Michael is still reeling from the death of his brother, Nate, at the beginning of Burn Notice ‘Reunion’ (Season 6, Episode 7) on Aug. 2. Michael blames himself for Nate’s murder and strives to make amends with his mother who won’t return his phone calls. He’s also in for a nasty surprise when Rebecca flees the hotel. Michael assumes the worst and believes Rebecca was behind Anson’s murder and Nate’s death.
Because Nate’s death came right at the end of the episode, it wasn’t until I was watching tonight’s that I really came to terms with the implications of what that meant to Michael and the rest of his family (those who are family by blood and those who are family by love). If that bullet hadn’t come out of nowhere, or heck even if it had but Nate hadn’t been standing right there, think how different Michael’s life would be right now. After all, Anson – the man who orchestrated the entire crapfest that has been Michael’s life for the past few years – would be dead, Fiona would be out of prison and Michael would still be back at the agency. For Michael, that’s about as close to perfect as life can get.
We finally meet Sam’s lady, Elsa! I thought she’s be one of those off-screen characters, but I guess not. The plot with Evan is comic relief (or at least a bit lighter) at a heavy time for the show, and Richard Burgi is always a fun presence, but I am wondering if the show went for a light subplot in an episode too soon. It all feels very rote for the show. I guess they wanted an excuse to get back to the formula, but we can’t take a character’s death seriously unless the show does. Couldn’t they at least break formula for an episode to show the characters dealing just with the long game of avenging Nate’s death?
The other storyline isn’t much better, as Michael and Fiona track Rebecca down through a forger making a fake passport for her. They exchange gunfire, but later Rebecca turns up at Michael’s loft, proclaiming her innocence. But did any of us really think she’d done it in the first place? Mainly, the episode just served to move the pieces into place so that Michael and company can spend the rest of the season searching for the real killers, just like O.J. Simpson.
Harvey is secretly Chinese, who knew?! As Chinese, I’ve been raised to equate emotion with weakness. I was taught this asinine attitude while Harvey acquired it through experience. Either way, we’re both in the same emotionless vacuum holding onto our bottled feelings. This coping mechanism is very effective – I’ve gone through ups and downs without having to take any medication (legal or illegal). Through experience, I’ve also learned emotion doesn’t always equal weakness – drizzle some feelings under the right circumstance and it works miracles. If a police officer stops me for running a light – tears, snot, it all helps.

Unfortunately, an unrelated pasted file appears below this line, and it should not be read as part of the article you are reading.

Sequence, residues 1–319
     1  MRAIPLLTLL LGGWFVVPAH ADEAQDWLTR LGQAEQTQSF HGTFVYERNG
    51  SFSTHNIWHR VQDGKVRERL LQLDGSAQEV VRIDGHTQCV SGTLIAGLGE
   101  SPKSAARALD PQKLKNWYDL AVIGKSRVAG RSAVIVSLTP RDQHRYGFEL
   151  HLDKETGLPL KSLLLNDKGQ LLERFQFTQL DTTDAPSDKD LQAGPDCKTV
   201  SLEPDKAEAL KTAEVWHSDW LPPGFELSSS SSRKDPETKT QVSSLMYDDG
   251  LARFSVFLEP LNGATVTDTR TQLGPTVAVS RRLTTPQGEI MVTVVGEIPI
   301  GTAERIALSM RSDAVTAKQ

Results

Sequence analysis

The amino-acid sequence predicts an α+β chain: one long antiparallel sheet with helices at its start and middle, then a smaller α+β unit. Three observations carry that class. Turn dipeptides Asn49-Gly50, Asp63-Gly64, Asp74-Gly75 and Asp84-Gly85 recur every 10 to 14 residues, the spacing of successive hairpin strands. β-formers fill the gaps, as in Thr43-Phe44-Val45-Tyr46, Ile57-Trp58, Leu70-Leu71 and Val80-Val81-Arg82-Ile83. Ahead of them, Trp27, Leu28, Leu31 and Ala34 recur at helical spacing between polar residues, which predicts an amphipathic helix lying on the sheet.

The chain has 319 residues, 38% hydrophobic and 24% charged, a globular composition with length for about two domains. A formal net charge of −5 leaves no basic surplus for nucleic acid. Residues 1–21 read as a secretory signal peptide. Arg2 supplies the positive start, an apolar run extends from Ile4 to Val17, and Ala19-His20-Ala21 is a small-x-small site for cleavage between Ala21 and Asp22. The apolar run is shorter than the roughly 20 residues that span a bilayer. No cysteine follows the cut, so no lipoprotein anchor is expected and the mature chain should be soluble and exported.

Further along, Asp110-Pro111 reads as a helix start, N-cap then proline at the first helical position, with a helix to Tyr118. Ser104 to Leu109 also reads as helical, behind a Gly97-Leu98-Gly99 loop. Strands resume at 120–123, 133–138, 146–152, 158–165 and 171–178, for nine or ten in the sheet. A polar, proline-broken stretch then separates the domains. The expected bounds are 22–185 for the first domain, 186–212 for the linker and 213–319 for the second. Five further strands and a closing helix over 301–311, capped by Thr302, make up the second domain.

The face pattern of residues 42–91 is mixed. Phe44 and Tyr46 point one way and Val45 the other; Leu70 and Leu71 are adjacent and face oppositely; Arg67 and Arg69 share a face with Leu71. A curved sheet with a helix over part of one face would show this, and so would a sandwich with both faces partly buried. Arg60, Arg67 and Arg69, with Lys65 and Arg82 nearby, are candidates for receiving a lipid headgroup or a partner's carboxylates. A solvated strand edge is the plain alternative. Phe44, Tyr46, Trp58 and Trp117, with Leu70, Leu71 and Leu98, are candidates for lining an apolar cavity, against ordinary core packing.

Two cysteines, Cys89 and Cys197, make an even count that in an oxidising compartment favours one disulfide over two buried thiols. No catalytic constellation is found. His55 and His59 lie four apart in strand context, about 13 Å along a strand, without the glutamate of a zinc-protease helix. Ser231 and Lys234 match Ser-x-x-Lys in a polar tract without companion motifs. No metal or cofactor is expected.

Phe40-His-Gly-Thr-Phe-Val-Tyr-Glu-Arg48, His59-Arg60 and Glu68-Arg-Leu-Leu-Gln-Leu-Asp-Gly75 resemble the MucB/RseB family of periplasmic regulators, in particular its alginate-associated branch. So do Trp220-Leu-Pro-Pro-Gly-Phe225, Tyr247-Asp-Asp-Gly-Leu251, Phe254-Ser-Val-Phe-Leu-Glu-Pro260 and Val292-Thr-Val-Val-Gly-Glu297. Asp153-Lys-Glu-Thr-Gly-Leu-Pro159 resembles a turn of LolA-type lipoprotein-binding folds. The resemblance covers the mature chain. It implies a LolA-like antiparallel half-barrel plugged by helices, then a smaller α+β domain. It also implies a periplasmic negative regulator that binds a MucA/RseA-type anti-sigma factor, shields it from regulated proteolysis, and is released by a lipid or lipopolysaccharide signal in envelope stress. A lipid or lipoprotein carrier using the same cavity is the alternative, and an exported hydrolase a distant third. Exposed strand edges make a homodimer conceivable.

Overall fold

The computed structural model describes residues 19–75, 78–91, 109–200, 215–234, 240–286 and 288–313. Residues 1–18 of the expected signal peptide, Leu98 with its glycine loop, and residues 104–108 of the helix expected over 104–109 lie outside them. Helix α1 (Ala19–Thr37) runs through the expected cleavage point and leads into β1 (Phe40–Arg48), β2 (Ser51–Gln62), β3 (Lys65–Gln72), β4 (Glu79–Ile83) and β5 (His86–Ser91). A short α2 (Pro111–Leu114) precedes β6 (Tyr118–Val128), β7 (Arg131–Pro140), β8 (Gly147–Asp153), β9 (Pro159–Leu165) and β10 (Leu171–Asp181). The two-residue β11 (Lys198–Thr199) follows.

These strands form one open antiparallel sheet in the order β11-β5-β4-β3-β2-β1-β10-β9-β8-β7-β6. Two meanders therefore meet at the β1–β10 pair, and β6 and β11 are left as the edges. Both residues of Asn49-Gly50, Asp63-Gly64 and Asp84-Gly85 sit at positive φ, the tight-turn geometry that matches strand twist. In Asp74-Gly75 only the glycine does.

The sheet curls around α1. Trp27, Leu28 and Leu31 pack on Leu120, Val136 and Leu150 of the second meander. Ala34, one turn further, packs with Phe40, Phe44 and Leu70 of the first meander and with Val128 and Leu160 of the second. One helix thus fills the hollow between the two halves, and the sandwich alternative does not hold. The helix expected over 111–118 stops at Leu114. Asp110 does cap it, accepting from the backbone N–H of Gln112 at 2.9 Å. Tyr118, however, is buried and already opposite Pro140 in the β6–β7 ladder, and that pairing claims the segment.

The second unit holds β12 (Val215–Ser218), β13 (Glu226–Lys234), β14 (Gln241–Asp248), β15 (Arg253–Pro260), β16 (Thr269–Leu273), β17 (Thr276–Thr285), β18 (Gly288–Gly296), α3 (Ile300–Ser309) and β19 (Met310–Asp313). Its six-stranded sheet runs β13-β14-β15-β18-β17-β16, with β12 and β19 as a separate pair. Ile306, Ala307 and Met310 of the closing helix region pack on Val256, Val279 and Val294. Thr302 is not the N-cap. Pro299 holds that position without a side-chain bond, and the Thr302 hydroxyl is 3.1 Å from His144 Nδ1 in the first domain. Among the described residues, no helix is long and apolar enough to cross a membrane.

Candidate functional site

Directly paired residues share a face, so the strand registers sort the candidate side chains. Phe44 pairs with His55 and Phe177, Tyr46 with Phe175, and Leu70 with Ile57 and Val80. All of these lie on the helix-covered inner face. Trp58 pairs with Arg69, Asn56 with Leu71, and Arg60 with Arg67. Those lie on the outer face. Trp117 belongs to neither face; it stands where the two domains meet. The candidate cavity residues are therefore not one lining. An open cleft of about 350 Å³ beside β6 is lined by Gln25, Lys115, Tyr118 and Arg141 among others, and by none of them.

From the jump, Harvey is at the throat of Travis Tanner (Eric Close), whose idea of a deposition is to take every low shot he can think of, including insulting Harvey’s mother. This leads to Harvey doing the one thing I’ve wanted to do all season: punching Tanner in the face. Determined to destroy Tanner, Harvey and Jessica decide to put together a practice trial in preparation for the real one, with Louis in the antagonist role and Mike unwillingly drafted to help him.
Donna (yay!) finds Harvey waiting outside her building. He wants to know how long she was going to ignore his calls. She says he hasn’t. She doesn’t count his assistant calling especially since she programmed her number in his cell. He tells her he needs her to come for the trial prep. She tells him that she hired an attorney. She wonders why he didn’t fight for her like he did for Mike. And she points out that when he thought he’d have to fire Mike, he dd it in person. He tells her that Jessica wouldn’t let him, but she points out that he doesn’t do what Jessica wants if he doesn’t agree with it.
From that moment on, everything in the show is fair game. There’s Mike getting polygraphed by Louis and hesitating when he’s asked where he went to law school, because he knows it’s a lie. Emboldened by that confrontation, Mike dares to approach Donna and have a less-than-friendly chat with her about why she needs to come in for the trial, which is something he absolutely would not have done last season. Louis calls Jessica to the faux-witness stand, exposing her to potential embarrassment in front of the firm’s partners, who are acting as the jury. He then tears into Donna, asking her point-blank if she’s in love with Harvey before she leaves humiliated. (The lack of a definitive answer will give fans even more to chew on as we speculate.)